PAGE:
Home Network Overhaul

a few months ago, i started realizing i was going to need to make some changes with regards to my infrastructure at home in general.

we had a decent ASUS router at home and i set up a VPN, and i had a couple hard drives mirrored and backing up to crashplan. but the kickers were:

  1. crashplan personal plans were going away, had to find a reliable backup solution for 20+ years of everything, and needed more space
  2. since i started the new job, i’ve had a much higher need for lab environments. specifically more long term ones, that i can’t just terminate in AWS all the time ($$$)

so i finally did what i should’ve done a long time ago, and what i’ve wanted to do for a long time. i got the following:

the following were gifted to me. it’s amazing what can happen on twitter <3 huge thanks to @ubnt and friends for being so awesome.

i’m going to split this up into hardware sections, for the sake of sanity.

Synology NAS

a friend of mine runs a massive setup at his house, and recently swapped out a bunch of hard drives. he gave me an amazing deal on 4x 3TB drives he was otherwise going to get rid of.

^ all the hard drives. he gave me an extra for fun.

this thing. let me tell you… i’m in love with it.

i popped all 4 drives in, plugged it in, turned it on… it’s nearly silent. and it’s so shiny.

i will say, however, that out of the box, it isn’t quite as secure as one would hope. i disabled the quickconnect feature (allows you to access it via a pretty URL from anywhere on the internet), because that is a 1-way ticket to having your NAS show up on shodan. enabled DoS protection, enabled HTTPS, disabled FTP, enabled auto blocking, 2 factor auth, different SSH port.

plus, it’s sitting behind a router and access to the NAS is only available via the VPN. which also has 2 factor.

other things i love about it:

  • setting up the drives and the RAID was painless. few clicks, and boom. plugged my old drives in, transferred all the data over, and all was well in the world. my things were safe again.
  • making folders available as NFS mounts to any system in your network, with user auth, is so simple.
  • encrypting folders – couple clicks.
  • the active backup for server app – you point it to an IP/port/key, and you can rsync any and all files from another system. so my NUC with all my KVM machines is essentially mirrored on the NAS now. and it took like 5 seconds.
  • can set it to power back on after power failure.
  • i get emails whenever a backup or job fails to run, or when there is a security alert or an update available.
  • backup to amazon glacier – give it your access and secret key, pick which folders to back up, schedule it, done. TBs backed up for < $10/month.
  • cloud sync – sync S3 buckets, google drive, and dropbox. all available in 1 simple panel. you can schedule it, set transfer quotas, etc.
  • zerotier app – a friend of mine recently opened my eyes to the beauty that is mesh networking. i’ve been an OpenVPN user for a very long time, and still use it. it’s always been reliable (minus the mac client, hate), but wanted to give this a shot. the UI is less than reliable from within the Synology UI, but if you SSH into the NAS and use the zerotier-cli, works like a charm. have the ZT client on my mac and chromebook and my phone. can get anything i need. even home movies from 1989.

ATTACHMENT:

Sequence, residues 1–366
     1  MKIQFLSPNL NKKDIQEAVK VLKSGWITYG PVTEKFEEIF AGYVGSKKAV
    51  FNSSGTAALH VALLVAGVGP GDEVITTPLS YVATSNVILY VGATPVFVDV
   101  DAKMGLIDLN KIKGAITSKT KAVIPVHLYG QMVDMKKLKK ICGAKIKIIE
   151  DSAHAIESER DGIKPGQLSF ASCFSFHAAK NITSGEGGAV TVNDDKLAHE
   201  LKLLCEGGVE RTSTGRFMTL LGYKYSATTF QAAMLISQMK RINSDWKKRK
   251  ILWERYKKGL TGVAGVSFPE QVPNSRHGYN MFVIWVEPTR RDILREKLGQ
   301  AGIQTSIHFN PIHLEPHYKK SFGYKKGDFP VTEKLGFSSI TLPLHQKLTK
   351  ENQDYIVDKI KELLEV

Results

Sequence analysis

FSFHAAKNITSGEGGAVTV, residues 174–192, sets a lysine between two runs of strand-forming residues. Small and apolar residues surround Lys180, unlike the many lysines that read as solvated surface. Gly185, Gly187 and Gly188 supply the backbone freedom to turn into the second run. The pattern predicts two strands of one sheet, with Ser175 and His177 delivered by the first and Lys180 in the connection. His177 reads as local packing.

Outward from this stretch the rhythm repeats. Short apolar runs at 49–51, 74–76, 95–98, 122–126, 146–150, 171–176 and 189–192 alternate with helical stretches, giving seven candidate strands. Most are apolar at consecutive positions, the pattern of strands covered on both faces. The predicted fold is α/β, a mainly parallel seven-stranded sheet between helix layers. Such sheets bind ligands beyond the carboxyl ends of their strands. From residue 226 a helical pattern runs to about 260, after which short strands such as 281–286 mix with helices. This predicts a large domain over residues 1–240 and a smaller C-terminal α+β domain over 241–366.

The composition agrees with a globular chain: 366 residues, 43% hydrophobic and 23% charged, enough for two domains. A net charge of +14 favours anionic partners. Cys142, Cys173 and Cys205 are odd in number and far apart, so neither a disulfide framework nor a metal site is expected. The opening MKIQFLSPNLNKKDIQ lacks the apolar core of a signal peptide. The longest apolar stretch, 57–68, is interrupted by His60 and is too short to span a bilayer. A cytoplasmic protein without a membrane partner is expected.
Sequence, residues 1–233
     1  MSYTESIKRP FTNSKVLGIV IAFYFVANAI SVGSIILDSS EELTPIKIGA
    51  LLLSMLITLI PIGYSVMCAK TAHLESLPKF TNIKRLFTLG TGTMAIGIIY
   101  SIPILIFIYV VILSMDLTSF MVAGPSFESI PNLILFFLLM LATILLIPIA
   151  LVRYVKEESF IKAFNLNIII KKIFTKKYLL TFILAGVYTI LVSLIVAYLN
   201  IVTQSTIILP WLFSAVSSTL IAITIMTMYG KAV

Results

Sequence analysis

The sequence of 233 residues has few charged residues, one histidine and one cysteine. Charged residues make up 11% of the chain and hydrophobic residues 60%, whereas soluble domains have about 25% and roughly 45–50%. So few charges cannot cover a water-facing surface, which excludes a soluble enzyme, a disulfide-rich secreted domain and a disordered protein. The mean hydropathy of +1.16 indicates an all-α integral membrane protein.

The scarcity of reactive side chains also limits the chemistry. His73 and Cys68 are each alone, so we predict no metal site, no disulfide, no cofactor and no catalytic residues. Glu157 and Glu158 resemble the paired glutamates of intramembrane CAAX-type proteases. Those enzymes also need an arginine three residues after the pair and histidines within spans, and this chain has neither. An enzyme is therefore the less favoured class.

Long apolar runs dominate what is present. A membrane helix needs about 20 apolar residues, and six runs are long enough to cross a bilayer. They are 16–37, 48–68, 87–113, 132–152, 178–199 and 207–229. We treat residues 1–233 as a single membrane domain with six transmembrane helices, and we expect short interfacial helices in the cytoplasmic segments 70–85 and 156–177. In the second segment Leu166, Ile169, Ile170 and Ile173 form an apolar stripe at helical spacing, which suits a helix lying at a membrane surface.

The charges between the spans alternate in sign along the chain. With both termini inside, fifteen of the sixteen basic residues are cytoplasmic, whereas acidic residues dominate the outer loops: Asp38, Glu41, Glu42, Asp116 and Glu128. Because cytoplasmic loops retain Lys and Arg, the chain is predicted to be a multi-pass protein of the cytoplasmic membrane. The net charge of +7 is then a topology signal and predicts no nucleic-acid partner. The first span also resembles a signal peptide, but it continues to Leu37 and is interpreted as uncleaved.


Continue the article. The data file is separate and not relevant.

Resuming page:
i could probably go on… but bottom line, it’s amazing. money well spent.

Intel NUC

a friend referred me to this tiny badass as well. i saw the case alone and fell in love with it. really simple to put together. threw the SSD in, memory, plugged it in, USB stick with Red Hat on it. if it weren’t for the unbelievably tiny keyboard i was working with, and the fact that i hadn’t gotten a display for it yet (that 7″ display came in the mail later), it would’ve been a lot faster.

turns out, typing on a keyboard the length of a dollar bill with tiny text on a giant TV screen is… somewhat trying. but. got it set up. SSH’ed in and haven’t had to do that since :)

^ tiny keyboard is tiny.

i threw KVM on it, because i knew i’d be spinning up a whole mess VMs, many of which would be long term. changed the setting in the BIOS to turn back on in case it gets powered off, and all the VMs are set to autostart. learned this after our power went out. hooray.

i need to get an UPS.

and probably another NUC, if i want to switch to RHV, or set up a solid IDS.

  • KVM machine
    • base RHEL install with KVM on top, and also this is where OpenVPN lives.
    • i’m also running Grafana/Telegraf/InfluxDB on here. i set this up not too long ago, and now i can monitor my NUC, network devices, and my NAS. there are prebuilt dashboards for each device (just a JSON file), so after you install the SNMP utils and all the MIB files, you’re set.

    the rest of these items live in VMs:

  • Mist
    • a friend told me about mist.io, and i took 1 look at it and wanted to try it. simple, shiny dashboard. will pull machine specs from KVM, AWS, DigitalOcean, GCP, Vultr, Azure, Linode, VMWare, and more. can manage and create machines, manage images, scripts, schedule shutdowns or script runs, estimate billing… it’s amazing.

  • Graylog
    • i’ve been wanting to setup Graylog for a while now, but never had a reason (just about all clients i’ve worked with in the past wanted Splunk). and now i do. all of my logs from my UniFi AP and a few other systems are sent there now. i still need to tailor some alerts.